Even as NASCAR’s future waved its flag yesterday when Darrell Wallace Jr. captured the flag at Martinsville, so NASCAR’s past refused to wave the flag of surrender today as Jeff Gordon ran down Matt Kenseth to win today’s Sprint Cuo race at the venerable track.
Even as Martinsville is venerated by the NASCAR faithful, so is Gordon. No longer the kid pushing aside a slowing Dale Earnhardt as the sport’s leading light, Gordon is now the one whose every non-winning move is followed by whispers that his time is coming to an end. He made this year’s Chase far more via the twilight zone than being in the zone, written off as having no shot at any title save the sentimental favorite. Yet he is the one whose first move tonight after a day wheeling around NASCAR’s toughest track will be consulting with Ingrid about where to shoehorn yet another grandfather clock into the trophy room.
The race was as vintage as Gordon and Martinsville itself, filled with bumps and spins and strategy gambles that sometimes worked and sometimes did not. Kyle Busch saw the paper clip remaining frustratingly outside his reach, another good run thwarted at the end as he faded from contention. Other Chasers suffered similar fates, Clippy clipping down if not completely trimming away their trophy dreams. Kenseth and Jimmie Johnson continued to make every lap toward the championship must see TV even as their private little war gained a new third party knocking at the door, the AARP man reminding the two comparative kids that the old man has no intention of leaving them alone to settle the title by themselves. In the end, it was Gordon who chowed down on the victory hot dog while others ate Martinsville, as is its wont, once again serving several large portions of humble pie.
The Chase just become even more interesting. On to Texas.
Forget Martinsville’s nuclear hot dogs and the equally nuclear tempers demonstrated yesterday by Kevin Harvick, Ty Dillion, Richard Childress and associated minions. The story — the only story worth discussing — is Darrell Wallace Jr.’s win in the NASCAR Camping World Truck Series Kroger 200.
And not for the reason you think.
Yes, Wallace is black. Yes, he came out of NASCAR’s oft-ridiculed as nothing more than a publicity stunt Drive for Diversity program. Nice back stories. But, given how no car manufacturer has ever produced a steering wheel and/or pedal that can sense a driver’s ethnicity, still not the story.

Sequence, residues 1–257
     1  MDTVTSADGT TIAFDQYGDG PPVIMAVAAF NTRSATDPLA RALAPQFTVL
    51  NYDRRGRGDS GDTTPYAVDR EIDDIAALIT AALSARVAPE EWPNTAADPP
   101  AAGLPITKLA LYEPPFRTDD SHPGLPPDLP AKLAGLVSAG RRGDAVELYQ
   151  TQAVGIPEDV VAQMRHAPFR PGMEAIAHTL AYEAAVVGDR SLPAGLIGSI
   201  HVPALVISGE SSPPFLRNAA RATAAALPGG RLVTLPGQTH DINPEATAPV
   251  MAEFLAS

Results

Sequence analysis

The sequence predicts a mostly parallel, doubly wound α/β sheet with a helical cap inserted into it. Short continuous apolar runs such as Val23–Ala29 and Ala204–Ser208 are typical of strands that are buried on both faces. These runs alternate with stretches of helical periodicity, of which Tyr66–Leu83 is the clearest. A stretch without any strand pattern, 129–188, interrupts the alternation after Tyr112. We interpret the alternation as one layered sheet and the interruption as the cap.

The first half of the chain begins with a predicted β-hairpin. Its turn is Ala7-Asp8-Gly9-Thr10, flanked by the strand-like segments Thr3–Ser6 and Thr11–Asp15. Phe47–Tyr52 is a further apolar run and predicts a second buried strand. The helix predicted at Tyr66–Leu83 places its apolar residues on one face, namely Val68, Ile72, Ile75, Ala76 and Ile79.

The story is that a twenty year old beat a whole bunch of seasoned NASCAR professionals at Martinsville. And if that does not make you sit up and pay attention, you know absolutely nothing about NASCAR.
Martinsville is the nastiest, toughest, most unforgiving track on the circuit. Think you can blast down the deceptively long straighaways and slam on the brakes for its paper clip turns? Bye bye brakes. Don’t want to abuse the brakes so you don’t push it down the straightaways? Get ready to be abused by your competitors as they turn you into a rolling speed bump. It takes a precision mixture of aggressively pushing and feathering the gas, cutting the corners just right and stainless steel nerves plus maximum concentration on every inch of every lap to so much as have a decent run at Martinsville, let alone win. No place for hot shot kids. Martinsville is men only territory (no offense, Danica). Talent is key here, but experience is king.
In other words, no place for kids who can’t so much as legally buy a beer to wash down that Martinsville nuclear hot dog. Certainly no place for said kids to figure out where that grandfather clock will go in their apartment.
Darrell Wallace Jr. is the total package on and off the track. He is intelligent and well-spoken; a sponsor’s dream. Behind the wheel he is even more of a sponsor’s dream; a smooth David Pearson type seldom noticed until you notice how he’s passing everyone on his way to posing for pictures with the company owner in Victory Lane. Wallace Jr. made Clippy his own yesterday, putting his name alongside NASCAR legends in the record books. And not because of his skin color.
Because he is that good.
This weekend, while the claims jumpers take a nap the Cupsters and truckers make their way to Talladega. Oh, lucky them.
NASCAR fans are of an either/or persuasion when it comes to Talladega. Either they love its restrictor plate action, forty or so cars thundering as one lap after lap in a dizzying lockstep where the slightest miscalculation will at best send you to the pack’s back and at worse (i.e. normally) instantly change your ride from a snarling best to Scrapheap Sally, or they are working out the logistics of what it would take to disguise the track as a giant mobile home park just prior to tornado season. In short, turn the track into a used car lot and look for someplace else in Alabama where a nice little short track would suit people just fine.
There was a time when Talladega and Daytona were almost purposeful, venues showcasing stock car racing in an atmosphere as close to open-wheel oval racing as could be achieved. That time has long since passed. You no longer need to artificially jack up the speed in order to have a competitive, exciting race. What is needed is for cooler heads to prevail, assign Talladega to the memory banks and build a track that genuinely honors the Alabama Gang with some authentic racing action, not a vapid thrill ride looking for a place — which it almost inevitably finds — to spill.
Favorites? Whoever survives.
Enjoy the weekend, everyone.